At ANZSPM16 one topic up for discussion will be the palliative care and frailty in older people. If you are interested in knowing a bit more about this then read on.
From my perspective there are a few things to consider on the topic of frailty. First is what does frailty mean to clinicians and researchers? Among geriatricians there is a common quip that frailty is like pornography – you know it when you see it but it is hard to define. Most clinicians I know seem to have a clear and reasonably shared sense of what the term means, but how do you define it? There have been multiple attempts to try and produce a rigorous definition which are notable in their similarities and differences. Fried has championed a view of frailty as a physical syndrome with 5 easily testable elements. Frailty in this sense is a related but distinct problem from functional decline or co-morbidity and may be a phenotype with correlates to physiological and molecular changes. Rockwood by comparison has described a multi-domain model which describes accumulated deficits expressed by physical illness, disability and mental changes. Interestingly there is some evidence to say that there is cross over with different models, and some experts would say these approaches are trying to describe the same thing from different directions. An important extra thing here is to note that some advocate seeing frailty as a continuum of risk and descriptions of pre-frail or vulnerable states also exist. Vulnerability assessment is used with increasing frequency in assessments of older people with cancer, and has also been used in palliative populations.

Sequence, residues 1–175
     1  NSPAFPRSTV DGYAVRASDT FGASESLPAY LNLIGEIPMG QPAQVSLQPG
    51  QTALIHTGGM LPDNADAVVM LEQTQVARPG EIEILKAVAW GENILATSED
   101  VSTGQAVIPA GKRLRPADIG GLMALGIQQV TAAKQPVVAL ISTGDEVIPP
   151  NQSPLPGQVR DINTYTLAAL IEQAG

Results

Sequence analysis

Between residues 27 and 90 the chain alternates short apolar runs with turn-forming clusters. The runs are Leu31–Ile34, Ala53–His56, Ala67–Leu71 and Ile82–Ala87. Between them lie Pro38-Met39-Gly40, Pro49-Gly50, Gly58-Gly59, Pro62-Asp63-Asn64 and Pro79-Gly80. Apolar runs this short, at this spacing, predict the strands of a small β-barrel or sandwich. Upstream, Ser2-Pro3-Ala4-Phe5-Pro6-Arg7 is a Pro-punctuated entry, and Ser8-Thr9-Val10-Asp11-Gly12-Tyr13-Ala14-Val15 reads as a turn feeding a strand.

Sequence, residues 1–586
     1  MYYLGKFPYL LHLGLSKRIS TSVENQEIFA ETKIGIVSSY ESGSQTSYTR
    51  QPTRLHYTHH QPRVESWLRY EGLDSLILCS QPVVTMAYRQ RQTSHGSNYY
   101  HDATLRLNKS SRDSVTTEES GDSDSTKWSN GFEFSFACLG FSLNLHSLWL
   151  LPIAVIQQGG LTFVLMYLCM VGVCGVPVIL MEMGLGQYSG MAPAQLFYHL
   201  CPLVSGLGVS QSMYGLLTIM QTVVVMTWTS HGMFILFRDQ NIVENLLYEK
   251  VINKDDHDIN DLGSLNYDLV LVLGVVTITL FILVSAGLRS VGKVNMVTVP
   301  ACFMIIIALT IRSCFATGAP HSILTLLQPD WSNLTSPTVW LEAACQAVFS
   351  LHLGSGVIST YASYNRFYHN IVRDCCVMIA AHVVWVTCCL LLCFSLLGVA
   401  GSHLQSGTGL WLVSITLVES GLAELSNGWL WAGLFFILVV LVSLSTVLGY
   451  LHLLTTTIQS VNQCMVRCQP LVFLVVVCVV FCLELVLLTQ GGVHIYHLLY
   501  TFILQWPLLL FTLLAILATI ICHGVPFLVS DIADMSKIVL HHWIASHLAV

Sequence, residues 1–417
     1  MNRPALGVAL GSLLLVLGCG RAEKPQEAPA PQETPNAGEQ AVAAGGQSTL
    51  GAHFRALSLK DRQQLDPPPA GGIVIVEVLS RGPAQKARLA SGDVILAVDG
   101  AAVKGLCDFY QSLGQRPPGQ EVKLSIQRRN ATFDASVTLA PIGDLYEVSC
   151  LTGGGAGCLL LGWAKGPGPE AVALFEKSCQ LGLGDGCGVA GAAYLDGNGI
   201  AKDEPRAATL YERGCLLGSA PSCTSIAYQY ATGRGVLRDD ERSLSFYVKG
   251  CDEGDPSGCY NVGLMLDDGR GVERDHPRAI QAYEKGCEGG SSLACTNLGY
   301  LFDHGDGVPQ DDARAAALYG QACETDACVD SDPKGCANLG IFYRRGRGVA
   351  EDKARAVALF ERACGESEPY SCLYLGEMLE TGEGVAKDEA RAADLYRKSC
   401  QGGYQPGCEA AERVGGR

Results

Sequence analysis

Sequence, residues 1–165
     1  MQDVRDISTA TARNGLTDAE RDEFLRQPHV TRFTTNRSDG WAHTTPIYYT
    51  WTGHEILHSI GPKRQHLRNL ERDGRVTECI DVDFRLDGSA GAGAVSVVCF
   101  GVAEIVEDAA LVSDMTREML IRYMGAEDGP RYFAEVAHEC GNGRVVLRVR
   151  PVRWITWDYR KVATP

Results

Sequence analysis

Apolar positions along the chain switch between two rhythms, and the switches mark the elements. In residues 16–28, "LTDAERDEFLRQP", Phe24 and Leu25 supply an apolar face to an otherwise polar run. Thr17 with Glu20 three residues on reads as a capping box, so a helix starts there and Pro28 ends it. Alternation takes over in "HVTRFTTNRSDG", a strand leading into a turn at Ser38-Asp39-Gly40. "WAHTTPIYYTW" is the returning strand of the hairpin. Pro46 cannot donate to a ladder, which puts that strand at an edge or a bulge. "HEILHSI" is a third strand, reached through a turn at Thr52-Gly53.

A second important thing for us is what does frailty mean to those who have it? All of the descriptions already cited have prognostic significance in those studies, particularly around the risk of death or hospitalisation. Frailty is also a risk factor for co-morbid illnesses, Frailty is also thought to have relevance to trajectories of change in health though the predictability of this is debated. Frailty may also effect the experience of persons with advanced illness and therefore their needs, their concerns, and their goals. This overall suggests that people who are frail may need to be considered as a different population from others with palliative needs.
How palliative care can or should support people with these issues is an ongoing question, and hopefully one that we will be well informed about at ANZSPM 16.